Broadway, Bellingham—Few houses in my neighborhood have driveways. Our house does, but we share it with the house next door. We drive up a short and narrow hill that opens out in front of two detached garages. Backing down is harder.
Most homes around here have garages at the back of their property, approachable only by a rear alley. I love these alleys, but I’d have to walk them even if I didn’t, because my dog, Alice, loves them more. Bellingham calls itself the City of Subdued Excitement, but Alice thinks its alleys rock.
Alice is a nose-to-the-ground dog. Like every other dog, she hunts for other animals’ markings—we call that pee-mail—so she can neutralize it with her own. She likes to eat things off the ground, too. Our vet calls this “dietary indiscretion.” In our neighborhood garbage and recycling trucks pick up in alleys, and there are always things left on the ground that didn’t quite make it from the can to the truck. Some of what draws her is human trash. The rest you don't want to know about. I watch her pretty closely, but once in a while she gobbles something up before I can stop her, and we have to put plain yogurt in her food for a few days, and sometimes medicine, until her digestion calms down.
Then there are the backyard chicken coops and the occasional plastic swimming pool that serves as a duck pond. If Alice doesn’t spot the birds herself, I point them out to her, and she applies her nose to a back fence long enough to make an inspection.
Collies always look like they’re a day or two away from speaking English, but Alice, at least, never quite gets there, so we have to guess what she’s thinking. I wonder if she knows that chicken meat, her favorite thing, comes from animals like the ones she’s staring at. I don’t think so. Otherwise she’d get excited, bark, something.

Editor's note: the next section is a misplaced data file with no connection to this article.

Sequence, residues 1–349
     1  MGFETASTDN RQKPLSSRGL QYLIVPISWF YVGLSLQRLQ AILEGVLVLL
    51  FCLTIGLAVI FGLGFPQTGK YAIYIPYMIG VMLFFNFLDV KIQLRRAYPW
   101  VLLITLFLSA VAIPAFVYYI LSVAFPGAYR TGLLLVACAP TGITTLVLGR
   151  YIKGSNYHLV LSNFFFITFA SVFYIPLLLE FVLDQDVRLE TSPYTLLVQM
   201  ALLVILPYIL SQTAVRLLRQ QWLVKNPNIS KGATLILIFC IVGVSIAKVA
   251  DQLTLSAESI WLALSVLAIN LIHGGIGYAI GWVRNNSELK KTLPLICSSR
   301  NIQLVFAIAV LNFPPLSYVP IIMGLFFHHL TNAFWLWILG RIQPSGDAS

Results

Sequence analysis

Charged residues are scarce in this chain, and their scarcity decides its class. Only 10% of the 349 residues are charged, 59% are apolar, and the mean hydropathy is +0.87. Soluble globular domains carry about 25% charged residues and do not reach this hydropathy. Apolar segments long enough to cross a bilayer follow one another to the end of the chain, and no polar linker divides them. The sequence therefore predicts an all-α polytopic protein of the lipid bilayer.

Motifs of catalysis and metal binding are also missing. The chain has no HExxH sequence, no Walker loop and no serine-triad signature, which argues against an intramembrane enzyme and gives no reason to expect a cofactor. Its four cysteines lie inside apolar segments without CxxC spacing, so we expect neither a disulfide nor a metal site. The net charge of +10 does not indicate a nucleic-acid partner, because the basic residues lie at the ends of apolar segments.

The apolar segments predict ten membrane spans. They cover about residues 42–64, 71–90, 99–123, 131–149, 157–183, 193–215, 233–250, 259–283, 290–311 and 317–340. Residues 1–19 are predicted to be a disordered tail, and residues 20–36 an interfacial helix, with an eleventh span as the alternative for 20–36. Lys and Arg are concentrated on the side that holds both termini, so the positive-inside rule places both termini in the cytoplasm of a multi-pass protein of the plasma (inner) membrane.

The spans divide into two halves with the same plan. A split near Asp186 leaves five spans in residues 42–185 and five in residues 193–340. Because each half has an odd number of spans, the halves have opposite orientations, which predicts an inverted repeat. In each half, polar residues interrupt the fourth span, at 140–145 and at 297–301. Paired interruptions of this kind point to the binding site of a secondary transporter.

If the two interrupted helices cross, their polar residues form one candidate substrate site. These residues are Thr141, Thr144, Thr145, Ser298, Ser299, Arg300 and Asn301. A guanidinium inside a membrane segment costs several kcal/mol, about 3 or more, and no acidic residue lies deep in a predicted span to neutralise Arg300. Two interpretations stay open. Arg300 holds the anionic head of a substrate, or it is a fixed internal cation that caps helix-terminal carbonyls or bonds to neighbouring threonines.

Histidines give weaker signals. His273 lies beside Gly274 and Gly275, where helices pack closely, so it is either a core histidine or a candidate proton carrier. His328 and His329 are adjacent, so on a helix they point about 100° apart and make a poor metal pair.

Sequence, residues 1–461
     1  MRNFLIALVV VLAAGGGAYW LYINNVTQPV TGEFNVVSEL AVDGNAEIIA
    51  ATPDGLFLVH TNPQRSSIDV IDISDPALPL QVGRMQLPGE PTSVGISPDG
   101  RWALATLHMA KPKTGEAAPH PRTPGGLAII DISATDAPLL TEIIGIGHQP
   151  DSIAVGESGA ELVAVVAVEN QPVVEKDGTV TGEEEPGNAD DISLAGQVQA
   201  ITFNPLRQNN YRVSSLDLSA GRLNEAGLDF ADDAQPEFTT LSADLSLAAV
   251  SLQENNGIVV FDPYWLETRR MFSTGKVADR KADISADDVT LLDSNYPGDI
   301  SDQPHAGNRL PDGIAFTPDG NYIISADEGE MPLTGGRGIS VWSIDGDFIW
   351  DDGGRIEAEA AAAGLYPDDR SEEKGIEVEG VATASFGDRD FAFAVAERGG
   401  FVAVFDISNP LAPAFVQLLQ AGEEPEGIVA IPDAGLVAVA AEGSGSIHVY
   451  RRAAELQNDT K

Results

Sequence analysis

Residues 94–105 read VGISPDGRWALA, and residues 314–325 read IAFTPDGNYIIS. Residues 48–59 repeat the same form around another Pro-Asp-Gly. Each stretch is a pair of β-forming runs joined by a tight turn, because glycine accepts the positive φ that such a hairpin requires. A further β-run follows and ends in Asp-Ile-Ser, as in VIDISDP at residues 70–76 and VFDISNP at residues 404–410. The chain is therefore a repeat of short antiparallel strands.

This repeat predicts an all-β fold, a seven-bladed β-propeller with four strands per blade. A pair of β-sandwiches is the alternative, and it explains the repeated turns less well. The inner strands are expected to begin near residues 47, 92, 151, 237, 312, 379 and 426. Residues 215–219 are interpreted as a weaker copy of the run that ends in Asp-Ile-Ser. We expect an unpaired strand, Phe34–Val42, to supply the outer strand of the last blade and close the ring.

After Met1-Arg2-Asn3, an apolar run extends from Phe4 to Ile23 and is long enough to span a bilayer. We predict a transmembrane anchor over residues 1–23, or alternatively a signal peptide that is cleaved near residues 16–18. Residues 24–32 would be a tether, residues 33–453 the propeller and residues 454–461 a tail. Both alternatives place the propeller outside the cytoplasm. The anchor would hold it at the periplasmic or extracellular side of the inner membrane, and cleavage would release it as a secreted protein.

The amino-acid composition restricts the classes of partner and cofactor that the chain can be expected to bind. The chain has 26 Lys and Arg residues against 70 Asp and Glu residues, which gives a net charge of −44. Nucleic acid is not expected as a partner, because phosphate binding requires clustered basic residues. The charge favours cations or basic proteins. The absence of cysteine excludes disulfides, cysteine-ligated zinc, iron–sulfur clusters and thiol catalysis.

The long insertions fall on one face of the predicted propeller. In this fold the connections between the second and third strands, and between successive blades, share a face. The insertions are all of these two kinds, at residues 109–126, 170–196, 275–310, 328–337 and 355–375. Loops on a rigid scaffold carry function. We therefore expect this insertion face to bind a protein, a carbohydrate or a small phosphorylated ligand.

Cats love alleys, too. The term alley cat implies uncertain parentage, I guess, because with so many cats in alleys, stuff happens. Alice isn’t as polite to cats as she is to chickens, but only if they run away. She yanks me forward and makes high-pitched yipping sounds well after the cat is out of sight. Sometimes this sets the dogs in the backyards we’re strolling past barking, too. I’ll see a curtain move in a back window, an annoyed human face searching for troublemakers.
Some cats don't run, don't even put their backs up. Alice sniffs. The cats study. We’ve run into two or three cats that walk toward Alice with a take no prisoners look on their faces. Alice has a cat of her own, Katie, who isn’t very nice to her. She wants no part of cats with attitude. We walk carefully around them, or turn around and walk the other way.
Dogs, too. Backyard dogs in Bellingham aren’t, generally speaking, watch dogs. Some growl and bark at us, but most come to the fence, whine, and wag their tails. Alice does likewise. On days when I can’t take her to an off-leash park, she gets in a little socializing, the odd chat or two, in nearby alleys.
Sometimes I chat as well, with fellow humans. People are different over back fences than in front yards. . . .